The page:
Monday Session Explores the Imaging of Depression

Sunday, Dec. 01, 2019

Neuroimaging makes inroads toward quantifying and treating the complex, widespread disease

As depression continues to afflict millions of people worldwide, researchers in a number of medical disciplines — including radiology — are working together to accelerate progress in treating and diagnosing the crippling disease.

In a Monday Special Interest Session, Paths to Recovery: What Can Neuroimaging Teach Us about Depression and Its Treatment, experts in neuroimaging, psychoradiology and psychiatry will discuss the increasingly critical role neuroimaging plays in furthering the understanding of the complex disease that impacts more than 300 million people across the globe.



"Depression is a huge clinical problem," said session moderator David B. Hackney, MD, a professor of radiology at Harvard Medical School and chief of neuroradiology at Beth Israel Deaconess Medical Center in Boston. "Millions of people have depression, and a substantial subset of those people have severe, ongoing depression that doesn't get better with standard talk therapy and medication. This session will focus on how, when you can identify areas of the brain that respond to treatment, you can do these people a great service."

Presenters Helen S. Mayberg, MD, a professor of neurology, neurosurgery, psychiatry and neuroscience at Icahn School of Medicine at Mount Sinai in New York, and Qiyong Gong, MD, PhD, a professor of radiology at West China Hospital of Scichuan University, China, will demonstrate how neuroimaging can guide antidepressant therapies like deep brain stimulation. (See sidebar.) Both presenters are currently associate editors of the American Journal of Psychiatry.





Dr. Mayberg is renowned for her study of brain circuits in depression. Dr. Gong is a leader in the new field of psychoradiology, which explores interactions between what radiologists can see on imaging using purely anatomical techniques and understanding the brain function that underlies depression and other psychiatric diseases.

"Psychiatrists and physicians are good at making a diagnosis of depression, but we have limited knowledge of objective criteria for subtypes," Dr. Mayberg said. "We can tell what symptoms are dominant, but we need biomarkers that can help stratify treatment outcomes."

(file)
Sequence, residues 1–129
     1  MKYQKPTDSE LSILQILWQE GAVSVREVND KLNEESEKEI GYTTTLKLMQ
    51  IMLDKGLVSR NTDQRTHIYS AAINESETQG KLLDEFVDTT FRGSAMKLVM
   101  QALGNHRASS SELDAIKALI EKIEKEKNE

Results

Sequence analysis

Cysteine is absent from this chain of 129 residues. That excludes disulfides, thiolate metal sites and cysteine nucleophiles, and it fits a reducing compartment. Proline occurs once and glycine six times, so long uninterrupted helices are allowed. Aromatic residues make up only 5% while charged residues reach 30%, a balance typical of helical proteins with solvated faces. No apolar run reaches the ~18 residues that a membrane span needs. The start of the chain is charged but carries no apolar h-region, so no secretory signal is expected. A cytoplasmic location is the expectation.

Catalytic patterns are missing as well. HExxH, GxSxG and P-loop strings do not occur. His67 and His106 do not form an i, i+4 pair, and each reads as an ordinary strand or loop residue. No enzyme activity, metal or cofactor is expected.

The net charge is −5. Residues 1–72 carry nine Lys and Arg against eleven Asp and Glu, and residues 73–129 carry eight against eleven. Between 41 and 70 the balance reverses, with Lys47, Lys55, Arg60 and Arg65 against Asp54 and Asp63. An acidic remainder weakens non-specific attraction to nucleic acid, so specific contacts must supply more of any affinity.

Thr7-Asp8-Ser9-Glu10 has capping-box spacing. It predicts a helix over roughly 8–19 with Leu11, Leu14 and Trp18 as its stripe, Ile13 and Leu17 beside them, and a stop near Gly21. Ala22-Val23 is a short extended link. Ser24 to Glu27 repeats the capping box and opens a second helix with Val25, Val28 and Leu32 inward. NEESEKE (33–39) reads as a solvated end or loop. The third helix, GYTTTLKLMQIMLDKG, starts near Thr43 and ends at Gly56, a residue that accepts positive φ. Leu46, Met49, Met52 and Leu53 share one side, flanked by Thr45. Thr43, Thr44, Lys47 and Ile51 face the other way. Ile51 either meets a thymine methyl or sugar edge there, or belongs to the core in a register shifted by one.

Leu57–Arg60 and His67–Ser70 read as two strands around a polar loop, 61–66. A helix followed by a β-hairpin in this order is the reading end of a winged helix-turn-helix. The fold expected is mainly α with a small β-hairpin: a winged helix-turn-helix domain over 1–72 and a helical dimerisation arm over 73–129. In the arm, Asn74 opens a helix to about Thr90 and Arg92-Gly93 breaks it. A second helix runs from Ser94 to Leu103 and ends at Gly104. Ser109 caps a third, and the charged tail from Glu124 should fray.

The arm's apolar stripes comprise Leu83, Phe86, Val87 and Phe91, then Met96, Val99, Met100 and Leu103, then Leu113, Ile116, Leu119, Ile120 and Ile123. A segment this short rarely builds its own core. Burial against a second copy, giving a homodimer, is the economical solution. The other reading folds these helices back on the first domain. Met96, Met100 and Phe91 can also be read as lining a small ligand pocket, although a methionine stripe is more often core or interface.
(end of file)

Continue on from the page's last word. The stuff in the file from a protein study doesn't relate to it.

In mapping how the brain responds to treatment, imaging has helped conceptualize mental health issues as actual brain disorders and is taking research beyond brain lesions to brain circuits, Dr. Mayberg said.

"Imaging continues to be at the forefront of how we conceptualize what goes wrong in the brain in even the most complex behavioral disorders," she said. "And imaging gives us some methodological anchors for building models of how the brain works, which will lead to better diagnoses and better treatment."

The Promise of Deep Brain Simulation

Unlike with movement disorders, brain stimulation techniques for depression are gradual rather than immediate, Dr. Hackney said.

"In people who have movement disorders, when you turn on the brain stimulators, the tremors disappear right away, and if you turn them off, the tremors come back right away," he said. "For people with depression, it can take weeks to months before results become apparent."

Deep brain stimulation is true image-guided therapy, Dr. Hackney said.

"Targeting where you put the deep brain stimulator, and specifically the part of the brain you're attempting to activate, is very much a combination of anatomy and functional neuroanatomy. It leads to an understanding of how that part of the brain is responsible for— or at least can be stimulated to help treat — severe depression."

Dr. Mayberg, known for her pioneering work in deep brain stimulation research, will speak on the technique during the RSNA Special Interest Session. Dr. Mayberg is also a pioneer in minmally invasive interventional psychoradiology which may be achieved in the future through technical advances such MR-guided focused ultrasound.

"I'm not a psychiatrist; I'm a neurologist who started doing imaging in the mid '80s as a research tool," Dr. Mayberg said. "Imaging remains an important investigation tool to understand how the brain changes over time and to help select patients who can benefit from targeted therapies. The takeaway is that we're working on quantitative ways to make diagnoses and customize treatments."

Session Tackles Depression

The Special Interest Session: Paths to Recovery: What Can Neuroimaging Teach Us about Depression and Its Treatment, SPSI25, will be held Monday at 4:30 p.m. David B. Hackney, MD, will moderate.

Presentations are:

  • Depression 101: Current Approaches to Diagnosis and Treatment, Helen S. Mayberg, MD
  • Current Psychoradiology for Depression, Qiyong Gong, MD, PhD
  • Strategies to Develop Imaging Biomarkers for Treatment Selection, Dr. Mayberg
  • Theory to Practice: Targeted Modulation of Depression Circuits using Deep Brain Stimulation, Dr. Mayberg